The Case for the Relationship Watch

This story is part of GQ’s Modern Lovers issue.  Allow me to repeat a semi-controversial

This story is part of GQ’s Modern Lovers issue. 

Allow me to repeat a semi-controversial opinion that I’ve been shouting for years: There is no such thing as a men’s watch. Similarly, there is no such thing as a women’s watch. There are just watches. They may come in different sizes, and some might have diamonds or jewels on them, but there is no timepiece in the world that comes with an anatomical requirement. There are, however, some that simply look good on everyone, no matter who they are. Which brings us to my next semi-controversial opinion: There is nothing, and I do mean nothing, more wonderful than sharing a watch with your partner. The watch is the only piece of jewelry that has its own heartbeat; there are few objects as personal. Worn every day, it becomes an intimate part of your life, and when shared with your significant other, it becomes something closer to a metaphor: It might suffer a few dings and scratches over the years, but if taken good care of, it’ll tick along till death do you part.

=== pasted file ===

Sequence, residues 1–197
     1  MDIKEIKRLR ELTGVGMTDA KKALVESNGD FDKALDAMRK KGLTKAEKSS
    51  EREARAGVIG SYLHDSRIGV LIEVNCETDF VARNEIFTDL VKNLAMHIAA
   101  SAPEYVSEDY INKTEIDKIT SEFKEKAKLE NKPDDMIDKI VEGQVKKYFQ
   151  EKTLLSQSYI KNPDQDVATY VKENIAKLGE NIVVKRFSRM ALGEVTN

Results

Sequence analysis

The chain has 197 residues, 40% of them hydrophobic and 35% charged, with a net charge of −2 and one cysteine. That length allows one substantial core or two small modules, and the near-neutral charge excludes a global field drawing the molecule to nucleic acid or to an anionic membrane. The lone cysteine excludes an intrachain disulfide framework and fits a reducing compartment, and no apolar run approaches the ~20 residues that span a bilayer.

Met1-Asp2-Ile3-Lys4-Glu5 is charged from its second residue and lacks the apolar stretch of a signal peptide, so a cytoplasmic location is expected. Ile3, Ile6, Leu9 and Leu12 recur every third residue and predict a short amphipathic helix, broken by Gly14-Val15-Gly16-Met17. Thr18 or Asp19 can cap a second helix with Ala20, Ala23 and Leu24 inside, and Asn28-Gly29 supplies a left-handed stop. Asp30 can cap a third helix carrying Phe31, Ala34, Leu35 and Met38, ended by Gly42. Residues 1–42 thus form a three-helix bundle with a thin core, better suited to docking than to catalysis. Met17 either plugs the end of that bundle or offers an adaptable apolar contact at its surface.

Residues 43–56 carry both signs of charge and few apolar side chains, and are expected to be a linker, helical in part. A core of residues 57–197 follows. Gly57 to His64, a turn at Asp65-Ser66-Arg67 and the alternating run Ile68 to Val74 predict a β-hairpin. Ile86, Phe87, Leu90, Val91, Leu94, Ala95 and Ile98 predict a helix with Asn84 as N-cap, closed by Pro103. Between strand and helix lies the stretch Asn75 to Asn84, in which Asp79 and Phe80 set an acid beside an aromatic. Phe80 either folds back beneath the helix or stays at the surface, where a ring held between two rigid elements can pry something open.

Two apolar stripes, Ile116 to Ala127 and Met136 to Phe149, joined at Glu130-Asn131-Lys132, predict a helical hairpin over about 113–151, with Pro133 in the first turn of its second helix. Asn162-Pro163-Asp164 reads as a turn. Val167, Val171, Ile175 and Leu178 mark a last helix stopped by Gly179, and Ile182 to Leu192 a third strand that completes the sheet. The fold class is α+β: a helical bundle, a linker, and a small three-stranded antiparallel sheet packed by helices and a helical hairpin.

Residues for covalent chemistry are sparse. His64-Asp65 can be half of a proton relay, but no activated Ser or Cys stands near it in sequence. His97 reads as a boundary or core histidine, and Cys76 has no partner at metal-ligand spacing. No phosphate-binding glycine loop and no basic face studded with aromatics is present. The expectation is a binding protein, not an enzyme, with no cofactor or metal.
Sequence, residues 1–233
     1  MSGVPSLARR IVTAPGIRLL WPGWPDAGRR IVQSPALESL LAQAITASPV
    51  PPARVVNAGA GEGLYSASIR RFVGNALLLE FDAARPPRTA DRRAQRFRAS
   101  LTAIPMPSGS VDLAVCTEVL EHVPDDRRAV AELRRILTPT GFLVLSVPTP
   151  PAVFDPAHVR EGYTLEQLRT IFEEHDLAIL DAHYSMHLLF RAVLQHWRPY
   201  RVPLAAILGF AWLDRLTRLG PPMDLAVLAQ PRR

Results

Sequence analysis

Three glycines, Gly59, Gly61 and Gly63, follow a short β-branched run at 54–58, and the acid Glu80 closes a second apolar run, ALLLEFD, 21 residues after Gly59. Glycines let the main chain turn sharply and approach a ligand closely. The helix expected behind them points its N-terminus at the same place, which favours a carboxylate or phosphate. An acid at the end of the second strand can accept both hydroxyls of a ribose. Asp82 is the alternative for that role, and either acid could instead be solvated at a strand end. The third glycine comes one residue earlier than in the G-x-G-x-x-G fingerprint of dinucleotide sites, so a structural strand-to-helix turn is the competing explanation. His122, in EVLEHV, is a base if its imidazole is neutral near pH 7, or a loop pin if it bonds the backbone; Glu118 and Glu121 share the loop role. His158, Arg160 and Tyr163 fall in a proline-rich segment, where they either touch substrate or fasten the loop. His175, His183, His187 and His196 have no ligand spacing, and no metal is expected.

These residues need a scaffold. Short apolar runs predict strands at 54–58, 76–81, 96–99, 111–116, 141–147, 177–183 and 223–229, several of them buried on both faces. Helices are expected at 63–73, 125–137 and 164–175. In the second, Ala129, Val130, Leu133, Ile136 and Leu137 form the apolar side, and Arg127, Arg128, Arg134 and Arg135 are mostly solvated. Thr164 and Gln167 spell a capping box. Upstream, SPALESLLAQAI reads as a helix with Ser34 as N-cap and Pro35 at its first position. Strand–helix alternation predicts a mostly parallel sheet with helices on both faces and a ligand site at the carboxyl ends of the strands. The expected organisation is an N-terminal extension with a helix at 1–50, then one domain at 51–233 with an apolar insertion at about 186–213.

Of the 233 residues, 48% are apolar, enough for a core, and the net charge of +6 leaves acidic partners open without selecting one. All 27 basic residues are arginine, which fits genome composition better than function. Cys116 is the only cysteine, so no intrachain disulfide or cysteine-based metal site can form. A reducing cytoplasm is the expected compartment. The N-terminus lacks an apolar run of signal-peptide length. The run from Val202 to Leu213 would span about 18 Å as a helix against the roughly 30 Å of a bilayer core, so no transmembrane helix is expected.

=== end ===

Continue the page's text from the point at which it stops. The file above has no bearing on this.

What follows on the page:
Some designs are a no-brainer for this parenting experiment, like the Cartier Tank, which, in its quiet elegance, has looked killer on literally any wrist for more than 100 years. For a sportier feel, there’s the Rolex Datejust, which I consider the most versatile timepiece in the world. Rolex has made it for more than seven decades, in a variety of metals and styles, and while it’s worth playing with different sizes depending on your preference, to me the ultimate Datejust for sharing is a 36-mm steel-and-yellow-gold model on a Jubilee bracelet. It’s no surprise this is among the brand’s best-selling models—the contrasting materials, the instantly recognizable fluted bezel, and the silky bracelet lend it an undeniably universal appeal.

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